Statistics are often vital to public campaigns to fight social problems. The problem of plastic straws is no exception. Here is how 9-year-old Milo Cress developed the oft-cited statistic:
But as Cress began to dig into research on plastics and the environment, he noticed there wasn’t much data: “I couldn’t find anything on our use of straws in the United States,” he said.
So he called straw manufacturers himself, asking what they estimated to be the straw market in the United States per day. Some gave him a yearly estimate, which he divided by 365.
“Others gave an estimate of around 500 million straws,” Cress said. “That was the number that I stuck to, because it seemed to be around the middle of what they were saying.”…
“Why I use this statistic is because it illustrates that we use too many straws,” he said. “I think if it were another number, it still illustrates the fact that there is room for reduction. That’s really my message.”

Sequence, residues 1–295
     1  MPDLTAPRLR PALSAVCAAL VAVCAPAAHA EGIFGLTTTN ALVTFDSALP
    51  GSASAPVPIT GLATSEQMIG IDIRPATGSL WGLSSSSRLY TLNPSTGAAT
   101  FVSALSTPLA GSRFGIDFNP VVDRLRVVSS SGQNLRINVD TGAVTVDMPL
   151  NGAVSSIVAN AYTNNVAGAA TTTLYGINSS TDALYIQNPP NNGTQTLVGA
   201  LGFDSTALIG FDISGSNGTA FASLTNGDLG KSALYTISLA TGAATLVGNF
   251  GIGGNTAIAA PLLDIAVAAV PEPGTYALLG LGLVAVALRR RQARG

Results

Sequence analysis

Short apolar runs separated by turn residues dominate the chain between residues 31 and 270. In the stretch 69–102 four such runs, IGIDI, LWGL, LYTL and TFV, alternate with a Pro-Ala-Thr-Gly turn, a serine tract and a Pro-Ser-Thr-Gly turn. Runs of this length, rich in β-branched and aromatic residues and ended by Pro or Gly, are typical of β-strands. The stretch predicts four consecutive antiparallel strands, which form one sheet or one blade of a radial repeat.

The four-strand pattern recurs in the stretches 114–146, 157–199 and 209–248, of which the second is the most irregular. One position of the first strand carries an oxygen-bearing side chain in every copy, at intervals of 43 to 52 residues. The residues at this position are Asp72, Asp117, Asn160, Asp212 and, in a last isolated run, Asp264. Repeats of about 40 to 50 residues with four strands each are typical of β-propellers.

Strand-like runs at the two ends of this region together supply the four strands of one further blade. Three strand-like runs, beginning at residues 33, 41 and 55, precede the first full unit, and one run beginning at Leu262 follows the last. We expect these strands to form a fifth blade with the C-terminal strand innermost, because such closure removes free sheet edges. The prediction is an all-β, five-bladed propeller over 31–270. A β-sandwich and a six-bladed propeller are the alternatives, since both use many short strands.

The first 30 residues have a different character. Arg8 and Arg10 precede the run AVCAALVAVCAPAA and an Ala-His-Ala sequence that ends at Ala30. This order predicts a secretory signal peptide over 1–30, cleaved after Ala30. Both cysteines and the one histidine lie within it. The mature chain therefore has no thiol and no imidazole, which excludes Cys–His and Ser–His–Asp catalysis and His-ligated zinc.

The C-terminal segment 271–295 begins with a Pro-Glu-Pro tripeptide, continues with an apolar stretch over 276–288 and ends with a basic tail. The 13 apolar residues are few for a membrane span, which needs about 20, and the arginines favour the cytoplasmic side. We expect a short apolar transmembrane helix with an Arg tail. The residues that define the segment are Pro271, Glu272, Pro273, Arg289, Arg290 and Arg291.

Sociologist Joel Best, who has written about the social construction of statistics, could have a field day with this.
With all of the debate regarding this figure, couldn’t someone with expertise in this field offer a number that has some more rigor? Even if the number changes a bit, say it goes down to 200 million straws day, it would not matter much as either figure is huge. And this is the whole point (and this is often the case for advocates against a particular social problem): the big number is intended to shock and spur action.